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tips, technology, tools and techniques related to vehicle driveline components

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88v8
Ivor Duarte
Gloucestershire UK
(993 posts)

Registered:
02/11/2010 04:29AM

Main British Car:
1974 Land Rover Lightweight V8

Rover V8, Edelbrock springs, jets, needles.
Posted by: 88v8
Date: June 13, 2022 05:58AM

My 215 running an Edelbrock 500 with perhaps the wrong jets/needles, I took the plugs out yesterday.

Most of them are Champion NY12C, they were sooted.

In the even bank, for reasons now obscure, there are two Bosch BP5ES which had quite a nice colour.

The Champion and the Bosch have supposedly the same heat range.

So are the Bosch plugs telling me the mixture is OK, or are the Champions telling me it's rich?
After I get the trans rebuilt, I will be putting it on a rolling road to tune the carb, just curious in the meantime.

Springs... when I changed from #1463/6755 with primary 083, and 095 sec, to #1448/6852 primary 083, 089 sec, I went to the pink springs just in case the new settings were too weak. Idle vac is 13" .
No flat spots.

Have you found a lot of difference in mixture from changing the springs?

Ivor



Edited 2 time(s). Last edit at 08/13/2022 11:11AM by 88v8.


joe_padavano
Joseph Padavano
Northern Virginia
(152 posts)

Registered:
02/15/2010 03:49PM

Main British Car:
1962 F-85 Deluxe wagon 215 Olds

Re: Spark plugs in Rover V8, Edelbrcok springs.
Posted by: joe_padavano
Date: June 13, 2022 08:15AM

I found that the silver step up springs are the ones that worked best in my E-brock 1403. They definitely cured the sag at tip-in.


88v8
Ivor Duarte
Gloucestershire UK
(993 posts)

Registered:
02/11/2010 04:29AM

Main British Car:
1974 Land Rover Lightweight V8

Re: Spark plugs in Rover V8, Edelbrock springs.
Posted by: 88v8
Date: June 17, 2022 04:53AM

So, I put my Gastester in the pipe and checked the CO at idle. Surprised to find it's around 4.8% (AFR 12.7).
The factory range for SU carbs is 3%-4.5% so on that basis it's a bit rich at idle, and I have no idea what it's doing on the power step.
The idle is optimised with a vac gauge.
I ordered some 7052 rods to lean the idle but leave the power step unchanged.

How long would I need to run on the power step to colour the plugs?

Ivor

PS... the plugs are NGK, not Bosch.... doh...


DiDueColpi
Fred Key
West coast - Canada
(1333 posts)

Registered:
05/14/2010 03:06AM

Main British Car:
I really thought that I'd be an action figure by now!

authors avatar
Re: Spark plugs in Rover V8, Edelbrock springs.
Posted by: DiDueColpi
Date: June 28, 2022 10:36PM

Ivor, changing the metering rods won't affect the idle mixture.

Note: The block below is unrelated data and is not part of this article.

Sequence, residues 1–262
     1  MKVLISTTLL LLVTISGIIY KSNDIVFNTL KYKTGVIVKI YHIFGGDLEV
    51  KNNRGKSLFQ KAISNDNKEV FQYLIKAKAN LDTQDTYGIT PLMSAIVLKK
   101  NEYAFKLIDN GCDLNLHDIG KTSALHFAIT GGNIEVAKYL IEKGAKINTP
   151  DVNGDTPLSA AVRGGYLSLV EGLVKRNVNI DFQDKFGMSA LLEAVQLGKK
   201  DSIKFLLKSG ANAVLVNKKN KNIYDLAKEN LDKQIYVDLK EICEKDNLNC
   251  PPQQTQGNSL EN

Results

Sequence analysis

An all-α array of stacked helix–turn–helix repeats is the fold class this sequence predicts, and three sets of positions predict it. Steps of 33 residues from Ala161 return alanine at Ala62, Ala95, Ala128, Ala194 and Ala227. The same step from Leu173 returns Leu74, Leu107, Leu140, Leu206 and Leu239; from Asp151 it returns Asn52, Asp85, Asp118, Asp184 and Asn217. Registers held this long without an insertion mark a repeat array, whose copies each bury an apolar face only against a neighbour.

The rods control the off idle or cruise mix and the power mixture.
The carb does have idle jets but they shouldn't need to be touched on a mild street engine.
The idle mixture screws are the only adjustment that you should need to make. And setting the idle mix in the 1 to 2 % range will stop any off throttle stalling that you might have. ( make sure that you are using timed vacuum to the distributor and not manifold vacuum)
The springs are there to time the lifting of the metering rods into the power stage.
Not like the SU's where they influence the entire mixture range.
You want to use the lightest spring that won't cause a hesitation on acceleration.
I don't trust plug readings on pump gas anymore. Too many additives mess up the reading. And any ethanol at all will wash the plugs white.
Your best friend will be a wide band O2 gauge. It lets you know where your fuel mix is at any time. I have a standard Autometer one that has a clamp I made that lets me insert the sensor into the tailpipe and I power the gauge from the cigarette lighter. That way I can use it on any vehicle to tune the fuel system.


88v8
Ivor Duarte
Gloucestershire UK
(993 posts)

Registered:
02/11/2010 04:29AM

Main British Car:
1974 Land Rover Lightweight V8

Re: Spark plugs in Rover V8, Edelbrock springs.
Posted by: 88v8
Date: June 29, 2022 06:40AM

Fred, thankyou very much.

I set the idle screws for the max vacuum (manifold) but I suppose I could tweak them for the CO reading not that it matters as my car is exempt from the govt test. I did run ported vac but apart from a nice loping idle I can't say there was much difference. The manifold vac was a little higher and the idle a little faster before I adjusted it.

At the moment I don't have any off-idle problems with no 24 squirters in the bottom hole and pink springs, I'm just trying to get the mixture right so I don't empty my wallet or burn the engine.
I had assumed that the idle mixture tracked through the whole economy step, thanks for clearing that up.

Is this the Autometer gauge you use? [www.amazon.co.uk]

I didn't realise there were stand-alone gauges, thought they had to be hooked up to a computer. I should get out more...

Ivor


DiDueColpi
Fred Key
West coast - Canada
(1333 posts)

Registered:
05/14/2010 03:06AM

Main British Car:
I really thought that I'd be an action figure by now!

authors avatar
Re: Spark plugs in Rover V8, Edelbrock springs.
Posted by: DiDueColpi
Date: June 29, 2022 10:11PM

That is the exact gauge that I use.
Its mounted in a Pelican case and I usually just set it up on the passenger seat while I'm tuning.